It took me TWO YEARS to finish this book. All went fairly well at first, but at some point around two thirds of the way through, my bookmark got stuck. No matter how much I read, it never seemed to move any further … until, one day, it was over.
Henry James is divisive: people seem to either love or hate him. His style is notoriously convoluted and wordy, and on the surface his stories often appear to be about nothing in particular – things that never happened, relationships that didn’t transpire and secrets that are never revealed. Despite these issues and the length of time it took me to read this book, I still place myself more on the love end of the continuum. I’ve also read The Portrait of a Lady, Washington Square, The Turn of the Screw and some of this other ‘ghost’ stories.
The tales in this collection follow a chronological order from 1879 – 1908 and they do get more opaque as they go, but read together I think they give you a better sense of what Henry James is all about. “Nothing” happens in his stories because he’s mainly concerned with psychological states, with the ways in which our lives can be dominated by that which never happened, that which remains secret, and by ideas, hopes and dreams rather than reality. In ‘The Lesson of the Master’, for instance, a young writer allows his life to be ruled by the hope that he will learn something important from an older writer, only to learn a very different lesson to the one he had hoped for. ‘The Figure in the Carpet’ has a similar theme. In ‘The Best in the Jungle’, a man’s entire life is thwarted by his feeling that one day ‘something’ important is going to happen, so he lives in a perpetual state of anticipation and loses everything as a result.
James is very interested in the dangers of interpretation, particularly of interpreting signs wrongly. In ‘Daisy Miller’ a young woman dies because the people around her read her behaviour wrongly; she does nothing, but that doesn’t matter because it’s interpretation that matters in James’s world. The same theme appears in the late story ‘Julia Bride’, in which another young woman’s life path is decided by the way people read her behaviour and speak about what they think they see. James is also very aware of the sexual double-standard in his stories about women.
It is not only action that has far-reaching consequences in James; it is thought and speech. In ‘The Pupil’, a tutor plays with the feelings of his young pupil without any real thought as to the effect he may be having on the boy, until it is too late. The boy, meanwhile, has committed two classic Jamesian errors: reading too much into the signs and placing all his hope in one person who isn’t really what he seems. James is just as interested in the consequences of non-action – how what we don’t do affects other people. What guilt does the narrator of Daisy Miller bear for just watching events unfold and not standing up for her when he could? Is John Marcher responsible for the death of May Bertram, the woman who loved him all the years while he waited for “something” to happen?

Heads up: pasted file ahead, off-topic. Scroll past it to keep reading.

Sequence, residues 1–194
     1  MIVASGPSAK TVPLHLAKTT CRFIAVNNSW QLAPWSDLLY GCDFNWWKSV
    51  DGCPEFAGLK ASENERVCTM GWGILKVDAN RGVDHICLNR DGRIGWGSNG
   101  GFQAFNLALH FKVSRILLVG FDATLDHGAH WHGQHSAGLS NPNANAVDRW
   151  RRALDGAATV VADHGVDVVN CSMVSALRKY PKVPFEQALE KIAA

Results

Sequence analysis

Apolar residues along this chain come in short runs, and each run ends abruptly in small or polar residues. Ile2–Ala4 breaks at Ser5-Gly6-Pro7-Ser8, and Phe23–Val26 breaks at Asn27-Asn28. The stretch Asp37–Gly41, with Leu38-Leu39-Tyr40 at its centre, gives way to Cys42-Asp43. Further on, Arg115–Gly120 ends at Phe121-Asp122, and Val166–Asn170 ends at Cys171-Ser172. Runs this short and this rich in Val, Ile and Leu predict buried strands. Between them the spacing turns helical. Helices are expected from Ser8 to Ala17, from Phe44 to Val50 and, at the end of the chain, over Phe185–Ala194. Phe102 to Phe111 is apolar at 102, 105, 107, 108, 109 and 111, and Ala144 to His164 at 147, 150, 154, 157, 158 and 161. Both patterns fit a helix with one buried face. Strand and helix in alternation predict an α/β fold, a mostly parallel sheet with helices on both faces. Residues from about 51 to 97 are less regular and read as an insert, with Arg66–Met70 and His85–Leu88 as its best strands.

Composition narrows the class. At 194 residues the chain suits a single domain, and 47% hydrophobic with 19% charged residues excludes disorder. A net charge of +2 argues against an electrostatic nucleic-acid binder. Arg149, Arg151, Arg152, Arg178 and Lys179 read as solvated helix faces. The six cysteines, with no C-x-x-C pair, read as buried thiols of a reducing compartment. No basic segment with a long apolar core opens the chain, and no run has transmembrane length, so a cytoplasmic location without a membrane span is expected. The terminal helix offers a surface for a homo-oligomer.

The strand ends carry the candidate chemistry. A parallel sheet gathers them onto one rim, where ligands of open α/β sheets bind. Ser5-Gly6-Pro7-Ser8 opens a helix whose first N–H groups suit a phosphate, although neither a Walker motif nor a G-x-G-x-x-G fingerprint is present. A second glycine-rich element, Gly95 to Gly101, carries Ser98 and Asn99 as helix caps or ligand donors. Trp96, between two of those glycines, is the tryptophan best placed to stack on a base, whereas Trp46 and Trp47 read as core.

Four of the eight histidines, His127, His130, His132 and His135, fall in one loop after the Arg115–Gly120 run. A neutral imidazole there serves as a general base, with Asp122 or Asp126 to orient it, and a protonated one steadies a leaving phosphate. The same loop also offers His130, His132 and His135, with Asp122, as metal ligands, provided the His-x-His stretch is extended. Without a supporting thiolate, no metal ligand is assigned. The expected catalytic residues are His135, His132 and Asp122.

It is not surprising that so many of the tales are uncanny psychological ‘ghost’ stories since James is so interested in the ways in which the repressed makes itself felt in our lives as a kind of ‘haunting’. The late story, ‘The Jolly Corner’, brings these themes together in a man who is haunted by the ghost of his alternative life, the life he might have lived had he made different choices. He becomes obsessed with this ‘ghost’ and desperate to meet it, but when he does, the alien identity he encounters horrifies him and he finally begins to appreciate his life for what it is and live in the present.
The introduction by John Lyon is annoying – almost as convoluted in style as James and rather “harrumph harrumph, how dare these so-called queer theorists read homosexual meaning into these stories, harrumph.” It’s actually pretty hard not to read homosexual meaning into James when his stories are so full of the unsayable, of the consequences of living with secrets, and of course, of relationships between men. I’m firmly on Eve Sedgwick’s side in thinking that James has something particularly interesting to say about ‘the closet’.
Worth reading if you’re interested in James, late nineteenth-century literature, or if you want to see what Eve Kosofsky Sedgwick was talking about in Epistemology of the Closet.